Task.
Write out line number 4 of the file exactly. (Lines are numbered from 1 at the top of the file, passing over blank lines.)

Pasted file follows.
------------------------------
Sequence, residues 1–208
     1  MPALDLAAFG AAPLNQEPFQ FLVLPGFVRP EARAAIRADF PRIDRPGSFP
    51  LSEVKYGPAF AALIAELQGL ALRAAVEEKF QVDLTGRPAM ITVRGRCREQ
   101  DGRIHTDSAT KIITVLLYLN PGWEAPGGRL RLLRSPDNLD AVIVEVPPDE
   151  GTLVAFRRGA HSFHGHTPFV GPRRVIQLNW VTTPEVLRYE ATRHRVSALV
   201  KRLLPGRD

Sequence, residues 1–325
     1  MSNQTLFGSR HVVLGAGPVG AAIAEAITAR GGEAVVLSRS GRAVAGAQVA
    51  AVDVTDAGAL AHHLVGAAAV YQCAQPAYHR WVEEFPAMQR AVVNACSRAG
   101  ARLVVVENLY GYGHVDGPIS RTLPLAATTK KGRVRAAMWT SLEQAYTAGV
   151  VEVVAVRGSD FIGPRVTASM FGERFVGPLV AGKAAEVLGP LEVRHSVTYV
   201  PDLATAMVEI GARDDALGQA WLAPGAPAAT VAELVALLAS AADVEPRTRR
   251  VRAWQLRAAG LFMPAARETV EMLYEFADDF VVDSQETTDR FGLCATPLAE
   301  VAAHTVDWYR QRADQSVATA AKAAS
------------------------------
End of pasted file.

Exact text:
   101  DGRIHTDSAT KIITVLLYLN PGWEAPGGRL RLLRSPDNLD AVIVEVPPDE